Professor Yoshio Yamada of Waseda Univ (Japan) will give a talk at
Tuesday 3.10pm in MC206.

Title: Population models with nonlinear diffusion.

We will discuss Lotka-volterra competition models with nonlinear
diffusion. Under some conditions, these models exhibit segregation
phenomena between two competing species due to cross-diffusion effects.
We will give some recent results on global solutions for the
nonstationary problems and the structure of positive solutions for the
stationary problems.

Al Boggess (Texas A&M): Fundamental solutions to \Box_b on certain quadrics

Speaker: Al Boggess (Texas A&M)

Title: Fundamental solutions to \Box_b on certain quadrics

Time and venue: 17/01/2012, 2pm, Seminar room 206

Abstract: (joint work with Andy Raich)
In this talk, I will describe a process which can be used
to find the fundamental solution to \Box_b on quadric
submanifolds of complex Euclidean space. The tools will
involve representation theory using the Lie group structure
of quadrics along with Hermite expansions. In certain cases,
this leads to rather simple formulas for the fundamental solution.
In particular, we can provide formulas for the fundamental solution
for quadric hypersurfaces that are different than the Heisenberg
group and for the canonical quadric examples of codimension
two in C^4.

Hiroshi Matano (University of Tokyo): Propagating terrace in one-dimensional semilinear diffusion equation

Prof. Hiroshi Matano (University of Tokyo)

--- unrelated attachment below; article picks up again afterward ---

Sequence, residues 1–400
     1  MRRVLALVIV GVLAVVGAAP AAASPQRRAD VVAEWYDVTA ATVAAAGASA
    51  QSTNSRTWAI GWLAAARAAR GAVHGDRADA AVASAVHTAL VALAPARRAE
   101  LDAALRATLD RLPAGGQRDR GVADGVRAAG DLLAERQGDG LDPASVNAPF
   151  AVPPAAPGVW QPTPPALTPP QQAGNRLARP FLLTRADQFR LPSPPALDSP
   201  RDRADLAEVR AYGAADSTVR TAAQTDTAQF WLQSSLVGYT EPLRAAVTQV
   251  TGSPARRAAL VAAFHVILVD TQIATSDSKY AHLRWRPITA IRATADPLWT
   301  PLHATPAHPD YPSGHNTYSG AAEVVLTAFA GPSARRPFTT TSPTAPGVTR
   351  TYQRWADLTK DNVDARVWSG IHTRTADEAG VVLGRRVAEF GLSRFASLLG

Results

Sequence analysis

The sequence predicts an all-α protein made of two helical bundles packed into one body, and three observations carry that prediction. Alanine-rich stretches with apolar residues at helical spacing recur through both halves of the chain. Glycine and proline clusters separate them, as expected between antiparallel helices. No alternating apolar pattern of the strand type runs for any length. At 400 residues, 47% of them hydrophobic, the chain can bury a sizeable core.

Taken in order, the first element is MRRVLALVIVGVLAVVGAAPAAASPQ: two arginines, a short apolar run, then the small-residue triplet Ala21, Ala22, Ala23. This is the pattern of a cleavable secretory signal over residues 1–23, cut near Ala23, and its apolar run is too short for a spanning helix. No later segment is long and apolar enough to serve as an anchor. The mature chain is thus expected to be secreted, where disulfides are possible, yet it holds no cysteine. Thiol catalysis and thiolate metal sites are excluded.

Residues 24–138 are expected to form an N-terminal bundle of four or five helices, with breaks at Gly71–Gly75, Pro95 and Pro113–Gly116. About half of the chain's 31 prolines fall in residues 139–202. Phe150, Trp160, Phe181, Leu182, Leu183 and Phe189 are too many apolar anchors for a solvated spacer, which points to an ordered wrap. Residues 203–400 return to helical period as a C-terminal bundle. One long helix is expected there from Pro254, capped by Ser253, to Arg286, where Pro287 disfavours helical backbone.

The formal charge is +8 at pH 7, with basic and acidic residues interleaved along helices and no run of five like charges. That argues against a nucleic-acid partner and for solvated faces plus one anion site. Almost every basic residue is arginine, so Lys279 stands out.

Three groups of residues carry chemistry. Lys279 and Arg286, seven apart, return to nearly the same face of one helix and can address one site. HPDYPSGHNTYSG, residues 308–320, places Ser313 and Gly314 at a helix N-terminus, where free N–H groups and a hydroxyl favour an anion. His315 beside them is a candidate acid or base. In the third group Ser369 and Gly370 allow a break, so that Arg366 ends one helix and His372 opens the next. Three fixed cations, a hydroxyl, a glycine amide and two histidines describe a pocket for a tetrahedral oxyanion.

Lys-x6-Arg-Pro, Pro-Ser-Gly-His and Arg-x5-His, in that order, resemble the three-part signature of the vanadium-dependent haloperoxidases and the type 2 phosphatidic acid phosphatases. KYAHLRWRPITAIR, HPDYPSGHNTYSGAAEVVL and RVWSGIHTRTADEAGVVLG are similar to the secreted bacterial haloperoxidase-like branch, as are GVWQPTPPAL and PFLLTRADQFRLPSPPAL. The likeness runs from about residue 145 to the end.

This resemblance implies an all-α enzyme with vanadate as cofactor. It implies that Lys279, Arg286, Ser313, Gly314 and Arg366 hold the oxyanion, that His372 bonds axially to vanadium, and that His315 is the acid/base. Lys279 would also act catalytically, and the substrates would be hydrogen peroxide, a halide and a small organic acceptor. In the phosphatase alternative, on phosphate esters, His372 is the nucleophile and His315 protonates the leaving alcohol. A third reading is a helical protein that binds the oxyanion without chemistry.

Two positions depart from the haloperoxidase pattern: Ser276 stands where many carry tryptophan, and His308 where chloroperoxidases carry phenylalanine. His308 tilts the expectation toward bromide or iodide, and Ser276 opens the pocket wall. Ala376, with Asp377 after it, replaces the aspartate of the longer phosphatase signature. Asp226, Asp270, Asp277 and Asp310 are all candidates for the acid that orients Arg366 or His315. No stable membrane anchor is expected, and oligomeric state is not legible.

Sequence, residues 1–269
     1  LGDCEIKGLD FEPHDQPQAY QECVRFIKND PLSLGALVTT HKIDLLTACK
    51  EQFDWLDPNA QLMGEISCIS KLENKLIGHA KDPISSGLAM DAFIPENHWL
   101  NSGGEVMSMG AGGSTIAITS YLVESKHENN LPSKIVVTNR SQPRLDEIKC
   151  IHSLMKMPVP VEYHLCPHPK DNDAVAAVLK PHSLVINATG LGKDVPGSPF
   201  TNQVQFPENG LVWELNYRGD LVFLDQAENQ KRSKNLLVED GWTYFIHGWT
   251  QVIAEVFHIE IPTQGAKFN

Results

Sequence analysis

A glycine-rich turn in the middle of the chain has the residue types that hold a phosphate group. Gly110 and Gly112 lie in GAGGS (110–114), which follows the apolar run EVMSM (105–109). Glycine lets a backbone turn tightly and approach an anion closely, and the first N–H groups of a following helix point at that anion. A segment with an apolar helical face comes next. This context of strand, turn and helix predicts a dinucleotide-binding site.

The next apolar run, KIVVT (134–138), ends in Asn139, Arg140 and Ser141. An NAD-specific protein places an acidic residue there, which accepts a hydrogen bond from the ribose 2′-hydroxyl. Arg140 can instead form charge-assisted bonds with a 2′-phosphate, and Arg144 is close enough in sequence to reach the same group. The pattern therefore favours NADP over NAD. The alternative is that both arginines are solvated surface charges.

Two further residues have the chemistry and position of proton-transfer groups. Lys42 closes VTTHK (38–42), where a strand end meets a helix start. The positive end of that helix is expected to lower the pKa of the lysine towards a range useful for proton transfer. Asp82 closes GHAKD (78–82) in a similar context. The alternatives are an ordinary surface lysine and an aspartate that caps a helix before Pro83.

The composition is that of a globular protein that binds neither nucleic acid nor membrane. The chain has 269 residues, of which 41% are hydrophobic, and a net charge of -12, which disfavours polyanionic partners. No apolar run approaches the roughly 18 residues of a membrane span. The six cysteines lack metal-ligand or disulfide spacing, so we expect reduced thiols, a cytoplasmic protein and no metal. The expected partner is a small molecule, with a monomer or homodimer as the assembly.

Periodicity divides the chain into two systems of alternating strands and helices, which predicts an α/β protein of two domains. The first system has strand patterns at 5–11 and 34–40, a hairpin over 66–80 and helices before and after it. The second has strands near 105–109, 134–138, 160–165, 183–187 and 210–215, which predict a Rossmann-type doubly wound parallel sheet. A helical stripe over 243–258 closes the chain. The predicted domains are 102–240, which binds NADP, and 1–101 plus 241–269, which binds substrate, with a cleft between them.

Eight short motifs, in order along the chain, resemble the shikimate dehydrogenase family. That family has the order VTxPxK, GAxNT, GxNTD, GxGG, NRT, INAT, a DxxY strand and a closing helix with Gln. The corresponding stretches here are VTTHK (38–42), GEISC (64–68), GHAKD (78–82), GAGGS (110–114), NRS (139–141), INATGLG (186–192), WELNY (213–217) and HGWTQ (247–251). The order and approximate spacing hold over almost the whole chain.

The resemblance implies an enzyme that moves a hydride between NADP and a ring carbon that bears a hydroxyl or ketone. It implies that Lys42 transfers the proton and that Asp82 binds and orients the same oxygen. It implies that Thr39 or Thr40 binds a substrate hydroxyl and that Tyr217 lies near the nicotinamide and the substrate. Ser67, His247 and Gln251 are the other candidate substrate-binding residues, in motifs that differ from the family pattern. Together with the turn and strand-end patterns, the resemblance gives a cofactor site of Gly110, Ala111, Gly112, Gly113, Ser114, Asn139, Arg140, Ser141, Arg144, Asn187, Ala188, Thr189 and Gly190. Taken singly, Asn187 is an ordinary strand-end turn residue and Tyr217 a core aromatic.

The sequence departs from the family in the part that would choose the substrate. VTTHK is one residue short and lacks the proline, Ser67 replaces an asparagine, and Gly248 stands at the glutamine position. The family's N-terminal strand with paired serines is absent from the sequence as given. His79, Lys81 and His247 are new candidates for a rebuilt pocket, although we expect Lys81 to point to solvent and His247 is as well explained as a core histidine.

Propagating terrace in one-dimensional semilinear
diffusion equation

In this talk, I will discuss the asymptotic behavior of
solutions of one-dimensional semilinear diffusion
equation of the form
u_t = u_{xx} + f(x,u)
on the whole line, where f is a smooth function satisfying
f(x,0) = 0, f(x,u) = f(x+L,u) for some L > 0.

We consider the behavior of general solutions whose
intial data are either of the Heaviside function type or
compactly supported.

Under rather a mild additional assumption on f, we
show that the solution approaches, as t tends to infinity,
what we call a “propagating terrace”, which roughly means
a layer of pulsating traveling waves with different speeds.

In the special case where the nonlinearity f is monostable,
bistable or of the combustion type, the propagating terrace
is nothing but a single pulsating traveling front.
Our results answers many open questions concerning
the spreading fronts in periodic environments.

This is joint work with Thomas Giletti and Arnaud Ducrot.

Time and Venue:
2:10pm Tuesday Oct. 4, UNE Access Grid Room (IT building)

Vladimir Ejov (UniSA): Concept of `importance’ in hierarchical sporting competitions

Vladimir Ejov (UniSA) will give a talk on

“Concept of `importance’ in hierarchical sporting competitions”

Abstract. The scoring system for tennis comprises a hierarchical
structure where points combine to games, games combine to sets and
sets combine to form the match. Assuming that one side has a limited
supply of a resource which can improve performance at the lowest level
of hierarchy, we address the question how best to apply the limited
resource in order to optimise the probability of winning. Contests are
modelled probabilistically using binary trees and the concept of
`importance’ emerges as a key determinant of where to apply resources

Tuesday, 27 September 2011, 3pm, C26: Seminar room 206